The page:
Native pollinators co-evolved with plants over millions of years, forming mutualisms in which plants and pollinators rely on each other for survival. In the United States, non-native (“exotic”) plants dominate ornamental landscapes, largely because they tend to attract fewer unwanted insects. The horticulture industry has become adept at “improving on” the species that were native to the United States to make their flowers larger, brighter, more suitable for cutting, etc. This process often leads to a reduction in the quality of pollen and nectar or loss of pollen and nectar altogether. While some exotic or hybridized species supply adequate nectar, native pollinators primarily rely on native plant species. Plant wholesalers and retailers tend to grow mostly exotics, hybrids, and named cultivars that may or may not provide the food and nesting sources native pollinators rely on. These plants are often treated with pesticides, many of which harm pollinators.

Pollinator-Friendly Native Plant Lists

Xerces Society prepared the following lists of recommended native plants that are highly attractive to pollinators such as native bees, honey bees, butterflies, moths, and hummingbirds, and are well-suited for small-scale plantings in gardens, on business and school campuses, in urban greenspaces, and in farm field borders.

Find Pollinator-Friendly Native Plants

Habitat Installation Guides

Developed in partnership with the USDA Natural Resources Conservation Service, these regional and state-specific guidelines provide in-depth practical guidance on how to install and maintain nectar- and pollen-rich habitat for pollinators in the form of wildflower meadow-type plantings or linear hedgerow-type plantings. Seed mixes and plant recommendations for each region are included in the appendix of each guide. While some of the terminologies in these guides is developed with USDA agency staff in mind, these guidelines provide real-world-tested methodologies for developing valuable and effective pollinator habitats.

Find a Habitat Installation Guide

Habitat Assessment Guides

These pollinator habitat assessment guides are designed to help educate conservation planners and landowners, prioritize conservation actions, and quantify habitat or land management improvements for pollinators or beneficial insects on a single site.

Find a Habitat Assessment Guide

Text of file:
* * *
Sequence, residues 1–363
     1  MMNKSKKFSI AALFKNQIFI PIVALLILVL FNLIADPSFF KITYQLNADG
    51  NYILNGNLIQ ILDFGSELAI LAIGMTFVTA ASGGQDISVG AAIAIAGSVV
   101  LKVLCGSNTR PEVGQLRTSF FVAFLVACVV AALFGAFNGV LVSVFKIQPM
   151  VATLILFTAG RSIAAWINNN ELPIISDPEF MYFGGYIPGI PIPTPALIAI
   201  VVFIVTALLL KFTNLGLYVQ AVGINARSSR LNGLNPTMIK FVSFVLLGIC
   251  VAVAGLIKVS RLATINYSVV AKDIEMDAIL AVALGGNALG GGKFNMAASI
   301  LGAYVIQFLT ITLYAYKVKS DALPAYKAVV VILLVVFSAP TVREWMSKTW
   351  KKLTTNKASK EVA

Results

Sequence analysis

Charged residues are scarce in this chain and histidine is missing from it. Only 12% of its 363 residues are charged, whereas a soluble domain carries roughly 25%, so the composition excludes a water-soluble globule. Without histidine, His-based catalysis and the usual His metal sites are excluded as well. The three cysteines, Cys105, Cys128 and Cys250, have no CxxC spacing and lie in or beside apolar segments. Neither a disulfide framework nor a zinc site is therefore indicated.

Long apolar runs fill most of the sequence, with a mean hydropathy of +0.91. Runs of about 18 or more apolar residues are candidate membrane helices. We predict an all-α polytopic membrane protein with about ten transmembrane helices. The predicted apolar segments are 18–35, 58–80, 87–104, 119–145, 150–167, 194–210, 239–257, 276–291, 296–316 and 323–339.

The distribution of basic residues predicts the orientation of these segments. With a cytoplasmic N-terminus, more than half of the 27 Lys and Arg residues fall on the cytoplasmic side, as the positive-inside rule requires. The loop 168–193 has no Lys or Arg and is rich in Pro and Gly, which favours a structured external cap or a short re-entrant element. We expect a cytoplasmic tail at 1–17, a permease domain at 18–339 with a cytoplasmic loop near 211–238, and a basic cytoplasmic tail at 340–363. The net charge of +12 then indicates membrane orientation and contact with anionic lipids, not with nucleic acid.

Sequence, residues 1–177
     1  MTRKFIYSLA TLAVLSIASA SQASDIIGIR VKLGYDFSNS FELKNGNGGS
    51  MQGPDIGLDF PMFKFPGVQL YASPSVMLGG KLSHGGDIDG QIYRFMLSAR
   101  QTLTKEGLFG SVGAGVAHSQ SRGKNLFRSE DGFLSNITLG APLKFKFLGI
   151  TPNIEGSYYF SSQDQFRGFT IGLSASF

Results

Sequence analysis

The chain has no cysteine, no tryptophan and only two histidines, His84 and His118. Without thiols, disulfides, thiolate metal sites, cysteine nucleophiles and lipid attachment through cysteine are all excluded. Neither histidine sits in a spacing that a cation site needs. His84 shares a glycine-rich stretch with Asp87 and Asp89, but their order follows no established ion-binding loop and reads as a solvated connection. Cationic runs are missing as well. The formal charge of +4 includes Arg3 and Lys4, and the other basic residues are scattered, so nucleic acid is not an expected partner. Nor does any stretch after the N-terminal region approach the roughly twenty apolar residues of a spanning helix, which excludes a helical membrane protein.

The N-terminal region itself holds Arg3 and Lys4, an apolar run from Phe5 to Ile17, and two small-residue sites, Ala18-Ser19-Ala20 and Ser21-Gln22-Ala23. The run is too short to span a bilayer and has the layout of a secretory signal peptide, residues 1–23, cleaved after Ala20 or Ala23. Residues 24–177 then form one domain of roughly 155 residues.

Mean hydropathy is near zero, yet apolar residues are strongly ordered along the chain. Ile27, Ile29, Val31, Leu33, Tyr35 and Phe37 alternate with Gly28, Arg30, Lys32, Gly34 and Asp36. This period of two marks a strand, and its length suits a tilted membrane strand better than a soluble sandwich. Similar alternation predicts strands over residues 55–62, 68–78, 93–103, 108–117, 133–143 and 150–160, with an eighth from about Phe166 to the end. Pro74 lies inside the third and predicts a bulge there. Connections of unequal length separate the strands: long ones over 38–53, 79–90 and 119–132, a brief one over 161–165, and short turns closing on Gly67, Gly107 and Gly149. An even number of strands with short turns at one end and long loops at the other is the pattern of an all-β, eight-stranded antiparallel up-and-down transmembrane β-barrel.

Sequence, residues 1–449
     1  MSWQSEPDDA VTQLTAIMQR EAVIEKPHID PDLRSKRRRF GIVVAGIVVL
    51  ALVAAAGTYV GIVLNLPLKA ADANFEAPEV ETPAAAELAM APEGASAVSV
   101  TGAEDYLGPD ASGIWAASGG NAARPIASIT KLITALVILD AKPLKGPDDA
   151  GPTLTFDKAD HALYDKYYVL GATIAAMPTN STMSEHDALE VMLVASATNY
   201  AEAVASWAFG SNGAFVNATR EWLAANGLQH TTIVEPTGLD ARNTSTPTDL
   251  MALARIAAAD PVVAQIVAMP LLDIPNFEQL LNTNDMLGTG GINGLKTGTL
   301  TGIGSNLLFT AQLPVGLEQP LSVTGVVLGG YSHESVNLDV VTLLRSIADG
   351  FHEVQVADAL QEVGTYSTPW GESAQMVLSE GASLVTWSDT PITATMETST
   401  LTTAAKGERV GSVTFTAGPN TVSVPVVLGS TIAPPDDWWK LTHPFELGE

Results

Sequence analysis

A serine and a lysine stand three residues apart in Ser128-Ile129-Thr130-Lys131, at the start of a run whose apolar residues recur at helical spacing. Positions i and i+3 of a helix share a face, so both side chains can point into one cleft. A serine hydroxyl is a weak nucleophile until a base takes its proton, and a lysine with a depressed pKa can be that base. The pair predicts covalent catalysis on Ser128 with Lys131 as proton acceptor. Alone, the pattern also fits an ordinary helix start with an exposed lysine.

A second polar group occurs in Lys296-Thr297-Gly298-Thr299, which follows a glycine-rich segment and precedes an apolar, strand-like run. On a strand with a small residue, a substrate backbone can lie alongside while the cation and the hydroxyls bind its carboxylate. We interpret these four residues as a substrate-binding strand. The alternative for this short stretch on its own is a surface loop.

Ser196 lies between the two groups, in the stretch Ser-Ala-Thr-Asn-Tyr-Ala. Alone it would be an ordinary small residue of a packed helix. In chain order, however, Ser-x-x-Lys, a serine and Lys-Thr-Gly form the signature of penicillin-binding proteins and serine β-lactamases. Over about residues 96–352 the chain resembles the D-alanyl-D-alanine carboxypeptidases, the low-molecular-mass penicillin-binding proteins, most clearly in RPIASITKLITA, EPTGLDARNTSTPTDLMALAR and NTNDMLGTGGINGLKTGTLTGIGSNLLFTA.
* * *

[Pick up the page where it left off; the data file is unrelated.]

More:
Syracuse University uses an Integrated Pest Management System

What is an Integrated Pest Management (IPM) system?  According to the EPA: IPM is an effective and environmentally sensitive approach to pest management that relies on a combination of common-sense practices. IPM programs use current, comprehensive information on the life cycles of pests and their interaction with the environment. This information, in combination with available pest control methods, is used to manage pest damage by the most economical means, and with the least possible hazard to people, property, and the environment. The IPM approach can be applied to both agricultural and non-agricultural settings, such as the home, garden, and workplace. IPM takes advantage of all appropriate pest management options including, but not limited to, the judicious use of pesticides. In contrast, organic food production applies many of the same concepts as IPM but limits the use of pesticides to those that are produced from natural sources, as opposed to synthetic chemicals. Syracuse University currently scouts highly maintained turf each day, looking for weeds, harmful insects, disease, and moisture levels in the soil. Through monitoring the pests, the University has developed threshold levels. Pesticides are used when the levels of pests have exceeded the threshold and the damage to the turf becomes excessive. By practicing IPM the University Ground's Crew has gained skills to properly identify pests, their life cycle, and developed an understanding of the best time to apply pesticides with minimum damage to pollinator species. The University Grounds crew is very specific with the products used and choose the most effective product to bring the number of pests down to a tolerable level with the least amount of environmental impact.

Outreach and Education

Bee Campus USA at Syracuse University works with students, faculty, and staff to help spread pollinator awareness across campus and to the larger Syracuse community. Please enjoy class presentations featured here.